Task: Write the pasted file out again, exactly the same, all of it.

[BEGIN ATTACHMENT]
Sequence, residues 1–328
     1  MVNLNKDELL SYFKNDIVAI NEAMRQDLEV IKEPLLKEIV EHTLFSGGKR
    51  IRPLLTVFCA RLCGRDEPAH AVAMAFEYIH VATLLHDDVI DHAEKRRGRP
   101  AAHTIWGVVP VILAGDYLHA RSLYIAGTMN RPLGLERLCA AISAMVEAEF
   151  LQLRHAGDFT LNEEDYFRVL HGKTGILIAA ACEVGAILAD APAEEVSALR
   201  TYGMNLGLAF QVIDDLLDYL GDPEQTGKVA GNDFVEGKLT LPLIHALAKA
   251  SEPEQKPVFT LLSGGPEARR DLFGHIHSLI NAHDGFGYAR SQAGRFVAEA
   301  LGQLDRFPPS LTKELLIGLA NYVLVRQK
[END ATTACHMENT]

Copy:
Sequence, residues 1–328
     1  MVNLNKDELL SYFKNDIVAI NEAMRQDLEV IKEPLLKEIV EHTLFSGGKR
    51  IRPLLTVFCA RLCGRDEPAH AVAMAFEYIH VATLLHDDVI DHAEKRRGRP
   101  AAHTIWGVVP VILAGDYLHA RSLYIAGTMN RPLGLERLCA AISAMVEAEF
   151  LQLRHAGDFT LNEEDYFRVL HGKTGILIAA ACEVGAILAD APAEEVSALR
   201  TYGMNLGLAF QVIDDLLDYL GDPEQTGKVA GNDFVEGKLT LPLIHALAKA
   251  SEPEQKPVFT LLSGGPEARR DLFGHIHSLI NAHDGFGYAR SQAGRFVAEA
   301  LGQLDRFPPS LTKELLIGLA NYVLVRQK